Selling Marriage to 13-Year-Olds
Heritage Keepers explains to its middle school students that:

“The marriage is union is different from all other relationships in that it involves an intellectual, emotional, social and familial union.”*

In case they don’t get why this is so special:

“You could have a familial union with your parents, an emotional union with your best friend, a social union with a teammate, and an intellectual union with a chess partner. But in marriage you share all of these unions, and are bound to each other and the children you have together by a lifetime commitment.”

I suppose marriage can have all of these components (though I know a few marriages that are lacking at least one) but I refuse to believe that it’s the only relationship that could have them all.  Even leaving aside the possibility of a committed relationship with a partner (same-sex or opposite sex) to whom one is not married, I firmly believe that my relationship with my children, my parents, my sister, and even my niece and nephew contain each of these components.  And while I might not legally have a “familial” relationship to my best friend we are closer and take better care of each other than many siblings.

Heritage Keepers isn’t interested in helping young people develop the skills to have numerous good relationships—romantic or otherwise—in their lives, the program is only interested in promoting marriage.  To this end Heritage Keepers spends an equal amount of time criticizing cohabitation as it does defending marriage:

“When couples live together outside of marriage, the relationships are ‘weaker, more violent, less [equal], and more likely to lead to divorce.”

It goes on to say:

“People who live together before marriage experience ‘significantly more difficulty in their marriage with adultery, alcohol, drugs and independence [not wanting to depend on each other for anything] than those who do not live together.’”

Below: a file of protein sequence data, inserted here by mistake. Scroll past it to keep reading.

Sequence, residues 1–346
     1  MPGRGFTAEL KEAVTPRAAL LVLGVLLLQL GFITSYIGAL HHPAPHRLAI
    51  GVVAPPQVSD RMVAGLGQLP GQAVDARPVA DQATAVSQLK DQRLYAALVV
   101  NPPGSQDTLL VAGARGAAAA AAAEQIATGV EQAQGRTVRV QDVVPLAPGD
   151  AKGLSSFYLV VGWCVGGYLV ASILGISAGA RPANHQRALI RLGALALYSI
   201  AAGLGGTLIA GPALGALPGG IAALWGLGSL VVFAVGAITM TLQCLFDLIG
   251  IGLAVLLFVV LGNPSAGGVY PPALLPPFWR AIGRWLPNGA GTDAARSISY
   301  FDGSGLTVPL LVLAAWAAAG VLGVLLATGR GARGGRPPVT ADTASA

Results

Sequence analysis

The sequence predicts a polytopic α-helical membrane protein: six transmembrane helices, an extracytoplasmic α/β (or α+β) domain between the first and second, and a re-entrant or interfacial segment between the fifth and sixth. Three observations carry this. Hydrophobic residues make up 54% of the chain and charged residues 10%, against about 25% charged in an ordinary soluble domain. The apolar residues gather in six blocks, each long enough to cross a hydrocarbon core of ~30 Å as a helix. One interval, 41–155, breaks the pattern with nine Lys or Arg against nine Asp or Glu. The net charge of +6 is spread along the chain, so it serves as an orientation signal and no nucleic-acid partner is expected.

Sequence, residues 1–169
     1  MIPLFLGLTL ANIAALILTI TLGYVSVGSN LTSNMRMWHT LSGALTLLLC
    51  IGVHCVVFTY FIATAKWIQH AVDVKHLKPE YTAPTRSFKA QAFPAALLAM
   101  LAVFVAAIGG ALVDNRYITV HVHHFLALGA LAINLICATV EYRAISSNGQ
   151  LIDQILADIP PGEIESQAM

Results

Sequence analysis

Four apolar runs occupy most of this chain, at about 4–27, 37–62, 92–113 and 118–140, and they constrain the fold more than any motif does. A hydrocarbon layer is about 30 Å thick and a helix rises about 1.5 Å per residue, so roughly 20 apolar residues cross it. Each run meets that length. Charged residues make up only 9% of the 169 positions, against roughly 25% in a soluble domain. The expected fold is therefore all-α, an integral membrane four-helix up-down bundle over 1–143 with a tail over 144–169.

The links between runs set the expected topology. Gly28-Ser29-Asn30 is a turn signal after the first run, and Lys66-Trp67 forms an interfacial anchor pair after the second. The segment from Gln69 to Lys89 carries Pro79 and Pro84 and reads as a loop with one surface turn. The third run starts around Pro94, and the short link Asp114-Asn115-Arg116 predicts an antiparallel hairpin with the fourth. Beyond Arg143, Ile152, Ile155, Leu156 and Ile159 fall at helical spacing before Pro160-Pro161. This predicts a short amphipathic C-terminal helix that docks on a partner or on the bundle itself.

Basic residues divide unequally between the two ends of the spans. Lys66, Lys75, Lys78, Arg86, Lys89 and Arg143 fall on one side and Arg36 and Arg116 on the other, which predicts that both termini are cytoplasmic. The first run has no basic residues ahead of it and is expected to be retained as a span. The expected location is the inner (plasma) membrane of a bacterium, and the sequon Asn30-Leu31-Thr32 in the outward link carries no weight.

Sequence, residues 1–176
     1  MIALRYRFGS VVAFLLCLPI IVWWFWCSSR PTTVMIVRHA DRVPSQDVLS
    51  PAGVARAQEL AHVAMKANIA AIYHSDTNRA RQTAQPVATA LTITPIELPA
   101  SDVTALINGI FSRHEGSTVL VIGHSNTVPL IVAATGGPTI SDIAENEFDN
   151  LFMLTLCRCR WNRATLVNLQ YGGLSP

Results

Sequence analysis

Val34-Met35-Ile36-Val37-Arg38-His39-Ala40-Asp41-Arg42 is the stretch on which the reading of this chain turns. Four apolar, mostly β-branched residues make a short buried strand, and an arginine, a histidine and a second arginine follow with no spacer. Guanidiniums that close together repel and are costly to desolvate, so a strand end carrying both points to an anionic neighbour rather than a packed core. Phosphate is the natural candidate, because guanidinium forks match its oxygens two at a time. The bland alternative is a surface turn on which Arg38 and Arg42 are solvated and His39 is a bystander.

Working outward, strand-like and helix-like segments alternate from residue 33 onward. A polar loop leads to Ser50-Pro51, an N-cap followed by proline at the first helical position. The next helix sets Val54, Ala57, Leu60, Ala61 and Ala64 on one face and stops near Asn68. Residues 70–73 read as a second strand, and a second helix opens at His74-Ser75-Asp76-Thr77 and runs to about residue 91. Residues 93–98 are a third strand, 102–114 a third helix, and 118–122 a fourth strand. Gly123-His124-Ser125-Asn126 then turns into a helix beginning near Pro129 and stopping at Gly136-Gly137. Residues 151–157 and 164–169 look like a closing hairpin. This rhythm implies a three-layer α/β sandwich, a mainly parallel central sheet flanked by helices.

These exact statements are repeated four pages later, indicating that they are very important. Heritage Keepers then uses statistics on divorce and infidelity to prove that cohabitation is a very bad idea. According to the curriculum: 

“…only 3 percent of people who did not engage in premarital sex were unfaithful to their spouse, but 18 percent of people who engaged in premarital sex ‘fairly often’ with someone other than their spouse were unfaithful to their marriage partner.”

And:

“The divorce rate of women who live with their partners before marriage is eighty percent higher than the rates for women who do not.”  

I am pretty sure that the goal of these statistics is to convince students that having premarital sex causes infidelity and that cohabitation causes divorce. In fact, the curriculum states:

 “Actually, practicing sex outside of marriage increases the chance of infidelity within marriage…it establishes a pattern.”

While this may sway the average eighth grader who isn’t paying attention in Algebra, we all know that even if statistics are accurate, correlation does not mean causation. Statistics on the number of previously cohabitating couples who divorce, for example, don’t prove that living together causes divorce but they may show that people who think living together is socially acceptable also think it’s okay to use divorce to get out of a bad marriage.

More troubling thought, without ever mentioning the possibility of same-sex relationships, this focus on marriage completely dismisses them as an acceptable option. After all, cohabitation without the legal bonds of marriage (which, if you missed the point, is bad) is all that’s open to same-sex couples in most states.  Young people who are gay or lesbian or questioning their sexual orientation do not need yet another voice telling them that a happy life with a fulfilling relationship is just never in the cards for them.

Selling marriage to a those who are more than a decade away from their potential wedding days has another set of side effects as well.  I would have to imagine that many kids in this class are more likely to apply the messages they’re hearing to the family they currently live in rather than the one they may or may not build someday.  What about the kid whose parents live together but aren’t married, the kid who has same-sex parents, or the one (or ten) whose parents are divorced? A middle school student has absolutely no control over his/her family structure and yet they will be told more than once that their parents are less committed or more likely to cheat on each other.  

The curriculum has this to say about family structure:

“In a familial union, you live in one household, and typically share the same name. Children born to the two of you will be part of your new family.”